It is difficult to be a parent In this era of social media, where everybody is striving to broadcast the best version of themselves. I know that what I’m about to write will expose me to a lot of judging, but I am going to confess anyway. So, here it is:

I don’t put enough effort into teaching my kids how to be tidy, so they often spend time looking for a pencil and eraser to be able to do their homework. In general their room is a mess 80% of the time.

Eating spagetti with hands, messy child

My son eating spagetti with his hands

I sometimes forget when my kids have extra activities at school, such as swimming pool visit, or need to bring extra materials.

I don’t always remind my kids to brush their teeth.

Around 40% of the time I don’t check what clothes my son has put on for school.

My kids’ clothes are often stained, and I have long-lost the war against the dirt on the shoes.

Between the four of us we have exactly 6 pairs of matching socks (I don’t count the black socks that my husband uses, they all seem to match, because they’re all the same).

Around 40% of the time my kids eat bread and butter and milk when they want a snack.

Half of the time my daughter’s beautiful hair is unbrushed.

We don’t play board games much, because most of the sets have either cards or playing tokens missing. The average duration of a complete set is 10 days maximum.

The list goes on, and I must say that I already feel so bad that I can’t continue. It’s not that I don’t want to do all these things. Well, sometimes I don’t, but most of the time it just happens.

What I never fail to do is to try to listen to what my children want to tell me. To hear their fears, joys, desires and dreams. And that is one of the things that is visible on them.

During the New Year’s party my son decided to perform a few “magic tricks”. Everybody enjoyed his spontaneity and openness. He was confident and had a great time, even though most people were strangers to him. My daughter and her friend also had an impromptu performance of rhythmic skills with mugs. After they were finished my husband and I got the best compliment we’ve ever received as parents: that our kids were friendly, open and confident. Nobody noticed the unbrushed hair and not matching socks. We must be doing something right, after all.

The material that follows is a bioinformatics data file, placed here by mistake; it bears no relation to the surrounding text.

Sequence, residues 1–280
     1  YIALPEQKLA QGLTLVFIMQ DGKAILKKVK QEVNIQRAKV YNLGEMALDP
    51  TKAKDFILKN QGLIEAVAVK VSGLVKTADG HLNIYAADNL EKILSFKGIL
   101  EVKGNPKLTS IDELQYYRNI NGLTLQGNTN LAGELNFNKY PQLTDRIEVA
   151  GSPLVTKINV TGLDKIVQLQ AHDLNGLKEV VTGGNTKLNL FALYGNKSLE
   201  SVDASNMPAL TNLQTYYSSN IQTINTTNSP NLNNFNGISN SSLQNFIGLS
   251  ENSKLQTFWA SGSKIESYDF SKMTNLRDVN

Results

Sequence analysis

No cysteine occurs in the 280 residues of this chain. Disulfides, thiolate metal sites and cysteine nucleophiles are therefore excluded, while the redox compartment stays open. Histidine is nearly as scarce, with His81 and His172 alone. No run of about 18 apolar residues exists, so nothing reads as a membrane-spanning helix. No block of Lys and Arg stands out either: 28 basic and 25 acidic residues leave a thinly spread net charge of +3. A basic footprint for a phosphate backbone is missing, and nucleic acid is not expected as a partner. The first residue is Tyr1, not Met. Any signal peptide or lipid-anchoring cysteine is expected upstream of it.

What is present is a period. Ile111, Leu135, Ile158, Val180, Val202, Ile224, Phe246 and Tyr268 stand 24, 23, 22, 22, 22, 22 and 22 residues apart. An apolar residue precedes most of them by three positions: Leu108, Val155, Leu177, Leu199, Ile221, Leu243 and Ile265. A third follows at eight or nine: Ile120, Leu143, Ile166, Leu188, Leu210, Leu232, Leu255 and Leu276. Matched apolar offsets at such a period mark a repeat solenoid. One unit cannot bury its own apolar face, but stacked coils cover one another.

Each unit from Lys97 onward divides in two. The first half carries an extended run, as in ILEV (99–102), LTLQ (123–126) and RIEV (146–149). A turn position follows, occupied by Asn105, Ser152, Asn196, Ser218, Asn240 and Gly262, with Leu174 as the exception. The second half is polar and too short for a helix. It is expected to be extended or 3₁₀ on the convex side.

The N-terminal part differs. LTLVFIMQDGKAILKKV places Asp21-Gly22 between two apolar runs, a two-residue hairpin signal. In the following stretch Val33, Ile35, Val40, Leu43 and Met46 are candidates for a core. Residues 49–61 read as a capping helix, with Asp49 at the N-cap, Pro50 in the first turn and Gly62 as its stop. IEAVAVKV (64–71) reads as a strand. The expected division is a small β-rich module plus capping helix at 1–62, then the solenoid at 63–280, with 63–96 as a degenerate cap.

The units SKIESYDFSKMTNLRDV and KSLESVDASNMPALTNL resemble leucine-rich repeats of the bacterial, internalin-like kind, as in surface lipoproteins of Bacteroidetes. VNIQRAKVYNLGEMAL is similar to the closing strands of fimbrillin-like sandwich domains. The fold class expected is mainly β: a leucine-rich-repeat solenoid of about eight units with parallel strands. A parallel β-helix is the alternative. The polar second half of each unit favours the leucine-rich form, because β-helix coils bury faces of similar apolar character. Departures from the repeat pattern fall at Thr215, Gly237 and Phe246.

Hello from Saigon! It’s the first day and although I am in a bit of haze because of the long travel, time zone change and temperature”upgrade”, my mind has soaked in so many things that I can’t wait to write down.

Apart from the familiar warm and sticky smell of an Asian city, Saigon, or Ho Chi Minh city also has the bustling and yet relaxed feel, even though the crowded streets may give you a different impression. If you stop and look you will notice that the seemingly chaotic traffic is flowing without stopping and that people go about their business in a calm manner.

The second strong impression is the number of motorcycles on the streets that literally rule the place. Even in the narrow alleys, full of food stalls and people, they find their way.

The third “first impression” is the constant presence of food. People sell and eat food everywhere you look.

All this makes the place vastly different from where I came from. A true cultural shock that I hoped to experience. I’m looking for more of it tomorrow.

 

Novel, Finnish Tango

Book Cover

I am happy to share an excerpt from a novel set Finland that I translated into English. It is an absurdist comedy, and at the same time a gentle and touching story of love in contemporary times. You can purchase a digital and hard copies at Amazon here. I would love to hear your opinion!

“Non-existence

Tampere

The cyclicality of nature was bringing to Panu and Aleksi an uncertain past in the form of two funny immigrants. They did not even know one of them.
It was ten degrees below zero and snowing outside. Inside the dance hall, which was heated with big old radiators, the floor, the people, the walls and tables were covered with the yellow spots of light from the disco ball. The spots were moving fast, much faster than the rhythm of Finnish tango. Dressed like an elderly gentleman in an old suit and hat, although only in his thirties, Joni was leaning against the wall next to the entrance and said: